The project’s theoretical base is the anti-trust application of the Nobel-prize winning mathematical theory – it is a model that predicts the probable market behaviour of one or several companies in a free market environment, and reacts if there is a huge discrepancy between the theoretical likely behaviour of the market participants and the actual one. If there is a huge discrepancy in the behaviour of the market participants there are basis to assume that the participants in the market have illegally formed a cartel.

TECoL will ask the user to provide information about the market being investigated, and it will compare such information with the expected shape of a normal, free market.

The theory predicts how a normal, free market evolves and what to expect concerning every economic indicator used. TECoL’s theoretical basis is developed mainly on the Structural Approach as defined by Paul Grout (“Structural Approaches to Cartel Detection”) and on the Coordinated Failure Diagnostics model developed by Christian Lorenz (“Screening Markets for Cartel Detection: Collusive Marker in CFD Cartel Audit”.) The TECoL website features comprehensive explanations of these models and the reference papers.

TECoL uses ‘processes’ to help you understand if there is a cartel in action. Every process implies that the user shall find information about the market being investigated – economic indicators and such.

Most of this information and freely available in public databases, such as Eurostat, OECD, or the national statistical institutes. The source of our information is very important, as it shows how reliable is our analysis to anyone we show it to.

Finding the right information is therefore the most important task to perform.

TECoL will help the user find the data by means of hints, examples, explanatory texts, and tutorial videos.

After finding the data, the user simply inputs them in the forms; TECoL elaborates the information in real time.

Also, it allows the user to write where the data come from, so everything important is included in one document.

TECoL provides real-time graphs based upon the input and compares them with example, theoretical graphs that show the “ideal” situation of a free, non-biased market. It is therefore very easy to spot any discrepancies between the theory and the factual situation of the market under analysis. TECoL cannot demonstrate that a given market suffers from the effects of a cartel, but it can give us the elements to understand if there are solid reasons to suspect it.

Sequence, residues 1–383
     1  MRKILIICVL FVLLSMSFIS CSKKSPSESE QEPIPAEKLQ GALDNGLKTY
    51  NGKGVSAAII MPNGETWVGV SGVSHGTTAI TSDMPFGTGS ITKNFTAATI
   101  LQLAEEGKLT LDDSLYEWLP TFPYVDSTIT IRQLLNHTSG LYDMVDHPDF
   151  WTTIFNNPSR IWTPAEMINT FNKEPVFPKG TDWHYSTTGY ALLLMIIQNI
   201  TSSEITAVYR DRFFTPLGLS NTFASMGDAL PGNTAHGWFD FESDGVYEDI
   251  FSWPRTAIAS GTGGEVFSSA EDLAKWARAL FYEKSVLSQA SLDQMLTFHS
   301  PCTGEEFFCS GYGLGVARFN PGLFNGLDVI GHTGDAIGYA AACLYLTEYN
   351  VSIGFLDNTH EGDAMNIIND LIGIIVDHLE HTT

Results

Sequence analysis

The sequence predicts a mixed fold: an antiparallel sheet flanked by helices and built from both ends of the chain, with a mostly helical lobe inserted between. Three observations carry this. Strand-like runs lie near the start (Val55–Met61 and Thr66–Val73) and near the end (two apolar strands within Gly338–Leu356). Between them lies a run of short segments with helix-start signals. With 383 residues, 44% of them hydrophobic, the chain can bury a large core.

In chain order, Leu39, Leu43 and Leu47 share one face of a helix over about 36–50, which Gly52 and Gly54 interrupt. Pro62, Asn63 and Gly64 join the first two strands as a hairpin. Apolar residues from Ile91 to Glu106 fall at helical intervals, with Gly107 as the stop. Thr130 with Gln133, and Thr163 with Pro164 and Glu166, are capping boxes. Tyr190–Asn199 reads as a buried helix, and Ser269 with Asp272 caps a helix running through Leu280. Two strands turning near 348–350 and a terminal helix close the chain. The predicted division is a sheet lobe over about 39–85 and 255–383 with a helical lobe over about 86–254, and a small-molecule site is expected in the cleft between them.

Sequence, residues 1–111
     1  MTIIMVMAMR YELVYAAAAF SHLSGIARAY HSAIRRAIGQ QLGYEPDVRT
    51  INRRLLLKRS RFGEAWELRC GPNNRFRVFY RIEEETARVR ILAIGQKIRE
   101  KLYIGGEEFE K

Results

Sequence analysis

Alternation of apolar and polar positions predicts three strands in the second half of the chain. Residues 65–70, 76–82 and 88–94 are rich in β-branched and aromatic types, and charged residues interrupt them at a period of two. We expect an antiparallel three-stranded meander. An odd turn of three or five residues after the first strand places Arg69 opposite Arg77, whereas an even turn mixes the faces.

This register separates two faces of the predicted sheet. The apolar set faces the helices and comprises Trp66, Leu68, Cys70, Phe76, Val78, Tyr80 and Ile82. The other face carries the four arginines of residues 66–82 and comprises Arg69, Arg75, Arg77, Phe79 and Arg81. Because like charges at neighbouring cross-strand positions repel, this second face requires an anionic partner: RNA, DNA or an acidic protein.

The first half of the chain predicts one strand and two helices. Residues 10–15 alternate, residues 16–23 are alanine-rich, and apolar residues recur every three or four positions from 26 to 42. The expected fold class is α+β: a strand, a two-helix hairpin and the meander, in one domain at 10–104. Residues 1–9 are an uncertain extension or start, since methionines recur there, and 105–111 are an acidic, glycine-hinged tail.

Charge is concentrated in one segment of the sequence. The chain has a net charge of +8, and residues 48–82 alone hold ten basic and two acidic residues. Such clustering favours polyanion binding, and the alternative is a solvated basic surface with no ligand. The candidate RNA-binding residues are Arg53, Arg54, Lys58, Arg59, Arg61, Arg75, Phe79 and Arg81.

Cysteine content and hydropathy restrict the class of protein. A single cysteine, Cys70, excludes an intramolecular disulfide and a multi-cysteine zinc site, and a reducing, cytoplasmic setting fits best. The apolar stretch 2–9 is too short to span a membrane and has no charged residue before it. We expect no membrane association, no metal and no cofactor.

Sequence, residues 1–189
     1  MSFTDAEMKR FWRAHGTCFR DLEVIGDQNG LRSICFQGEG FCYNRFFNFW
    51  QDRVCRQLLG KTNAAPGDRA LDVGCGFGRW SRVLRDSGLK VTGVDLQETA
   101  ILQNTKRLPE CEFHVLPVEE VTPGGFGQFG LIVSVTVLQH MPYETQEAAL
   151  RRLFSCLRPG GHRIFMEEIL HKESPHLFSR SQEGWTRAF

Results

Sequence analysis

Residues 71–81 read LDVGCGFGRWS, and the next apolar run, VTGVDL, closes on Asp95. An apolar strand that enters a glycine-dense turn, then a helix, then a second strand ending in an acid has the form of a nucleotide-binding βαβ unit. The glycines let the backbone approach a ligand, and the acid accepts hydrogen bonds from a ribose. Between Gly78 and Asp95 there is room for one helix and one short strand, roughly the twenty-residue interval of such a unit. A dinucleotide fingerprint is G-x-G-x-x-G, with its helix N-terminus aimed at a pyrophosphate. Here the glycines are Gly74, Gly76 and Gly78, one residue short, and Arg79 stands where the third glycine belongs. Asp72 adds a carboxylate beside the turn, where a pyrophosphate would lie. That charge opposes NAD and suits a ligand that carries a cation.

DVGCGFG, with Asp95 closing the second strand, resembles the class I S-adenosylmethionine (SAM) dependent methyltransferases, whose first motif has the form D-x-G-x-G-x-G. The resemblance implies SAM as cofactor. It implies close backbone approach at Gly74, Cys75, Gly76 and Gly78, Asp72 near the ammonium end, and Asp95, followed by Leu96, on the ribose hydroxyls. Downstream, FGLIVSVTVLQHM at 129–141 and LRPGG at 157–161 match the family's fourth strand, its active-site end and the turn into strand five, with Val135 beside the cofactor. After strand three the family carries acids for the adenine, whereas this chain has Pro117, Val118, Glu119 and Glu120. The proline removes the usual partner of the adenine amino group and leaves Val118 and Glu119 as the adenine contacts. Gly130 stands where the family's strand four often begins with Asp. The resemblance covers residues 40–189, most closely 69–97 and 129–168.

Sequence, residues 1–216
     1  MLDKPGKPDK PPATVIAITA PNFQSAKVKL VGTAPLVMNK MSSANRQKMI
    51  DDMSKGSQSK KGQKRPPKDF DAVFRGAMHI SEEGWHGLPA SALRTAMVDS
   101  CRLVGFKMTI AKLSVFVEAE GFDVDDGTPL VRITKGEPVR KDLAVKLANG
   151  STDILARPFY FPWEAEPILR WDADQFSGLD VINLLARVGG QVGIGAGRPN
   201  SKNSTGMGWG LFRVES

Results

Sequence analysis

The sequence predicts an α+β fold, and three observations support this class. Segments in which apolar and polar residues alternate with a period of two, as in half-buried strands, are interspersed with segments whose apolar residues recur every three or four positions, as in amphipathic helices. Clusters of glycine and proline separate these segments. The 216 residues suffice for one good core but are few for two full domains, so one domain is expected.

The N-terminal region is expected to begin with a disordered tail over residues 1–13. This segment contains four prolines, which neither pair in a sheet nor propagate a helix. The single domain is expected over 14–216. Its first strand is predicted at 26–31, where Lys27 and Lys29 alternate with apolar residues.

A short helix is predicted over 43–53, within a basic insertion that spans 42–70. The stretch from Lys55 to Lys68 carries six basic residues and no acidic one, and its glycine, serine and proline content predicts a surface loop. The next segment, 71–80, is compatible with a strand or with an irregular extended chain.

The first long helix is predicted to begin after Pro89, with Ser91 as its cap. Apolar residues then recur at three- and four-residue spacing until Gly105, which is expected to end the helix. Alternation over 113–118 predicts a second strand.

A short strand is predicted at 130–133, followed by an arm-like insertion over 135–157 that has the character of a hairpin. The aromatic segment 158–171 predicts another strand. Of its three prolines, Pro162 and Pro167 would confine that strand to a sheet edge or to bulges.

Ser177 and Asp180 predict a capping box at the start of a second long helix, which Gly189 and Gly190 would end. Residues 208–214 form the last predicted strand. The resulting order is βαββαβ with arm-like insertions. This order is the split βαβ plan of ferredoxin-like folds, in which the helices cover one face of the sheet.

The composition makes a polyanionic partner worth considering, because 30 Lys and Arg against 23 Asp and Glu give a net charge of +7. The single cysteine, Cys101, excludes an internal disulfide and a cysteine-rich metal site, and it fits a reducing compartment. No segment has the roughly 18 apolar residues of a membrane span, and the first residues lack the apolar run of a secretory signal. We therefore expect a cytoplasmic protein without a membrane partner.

Every process included in TECoL allows the user to generate a report, that will include all the information the process is based upon, as well as the generated graphs, the example graphs, and the explanations drawn from the theory.

The user can generate one single report for every process, or a comprehensive report for multiple processes by selecting them. The more processes are included in the analysis, the more reliable the evaluation will be.

From the first reports, that is, from the initial graphs, the user can easily understand if the “cartel hypothesis” is worth investigating further, or not. If it is, the user will simply dig deeper, generating more reports and/or searching for more detailed information to refine the analysis.

The reports generated by TECoL are intended for distribution - one might choose to address a consumer protection organisation, or law enforcement, bringing to them tangible elements in support in their hypothesis.

The platform is publicly available online at www.tecol.eu; registration and use are free of charge. The software itself is currently available in English only, but the description of the project and the platform, and all the relevant documentation, are also available in Italian, Romanian, and Bulgarian.